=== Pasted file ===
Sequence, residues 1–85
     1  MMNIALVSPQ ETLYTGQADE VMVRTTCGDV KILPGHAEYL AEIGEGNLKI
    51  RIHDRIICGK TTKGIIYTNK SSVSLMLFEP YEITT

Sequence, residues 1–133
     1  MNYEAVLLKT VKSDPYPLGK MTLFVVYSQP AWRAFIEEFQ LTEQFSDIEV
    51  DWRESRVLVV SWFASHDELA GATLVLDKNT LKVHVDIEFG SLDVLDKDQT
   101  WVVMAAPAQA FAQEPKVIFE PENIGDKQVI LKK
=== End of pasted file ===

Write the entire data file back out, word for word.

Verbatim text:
Sequence, residues 1–85
     1  MMNIALVSPQ ETLYTGQADE VMVRTTCGDV KILPGHAEYL AEIGEGNLKI
    51  RIHDRIICGK TTKGIIYTNK SSVSLMLFEP YEITT

Sequence, residues 1–133
     1  MNYEAVLLKT VKSDPYPLGK MTLFVVYSQP AWRAFIEEFQ LTEQFSDIEV
    51  DWRESRVLVV SWFASHDELA GATLVLDKNT LKVHVDIEFG SLDVLDKDQT
   101  WVVMAAPAQA FAQEPKVIFE PENIGDKQVI LKK